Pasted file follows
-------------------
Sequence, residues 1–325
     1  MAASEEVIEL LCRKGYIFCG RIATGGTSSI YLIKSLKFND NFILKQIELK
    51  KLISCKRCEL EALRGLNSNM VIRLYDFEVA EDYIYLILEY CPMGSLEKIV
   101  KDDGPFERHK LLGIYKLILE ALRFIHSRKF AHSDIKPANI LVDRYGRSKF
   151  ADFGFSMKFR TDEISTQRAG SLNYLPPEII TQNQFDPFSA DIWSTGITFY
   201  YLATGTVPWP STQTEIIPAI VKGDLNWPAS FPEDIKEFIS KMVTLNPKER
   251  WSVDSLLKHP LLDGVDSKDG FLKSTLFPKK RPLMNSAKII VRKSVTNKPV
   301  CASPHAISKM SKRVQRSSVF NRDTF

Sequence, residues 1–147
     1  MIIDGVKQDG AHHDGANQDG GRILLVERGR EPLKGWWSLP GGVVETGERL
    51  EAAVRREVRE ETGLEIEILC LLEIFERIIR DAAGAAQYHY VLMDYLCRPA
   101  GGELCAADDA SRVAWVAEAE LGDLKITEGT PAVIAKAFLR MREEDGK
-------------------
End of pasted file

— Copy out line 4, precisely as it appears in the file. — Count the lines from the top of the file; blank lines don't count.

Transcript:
   101  KDDGPFERHK LLGIYKLILE ALRFIHSRKF AHSDIKPANI LVDRYGRSKF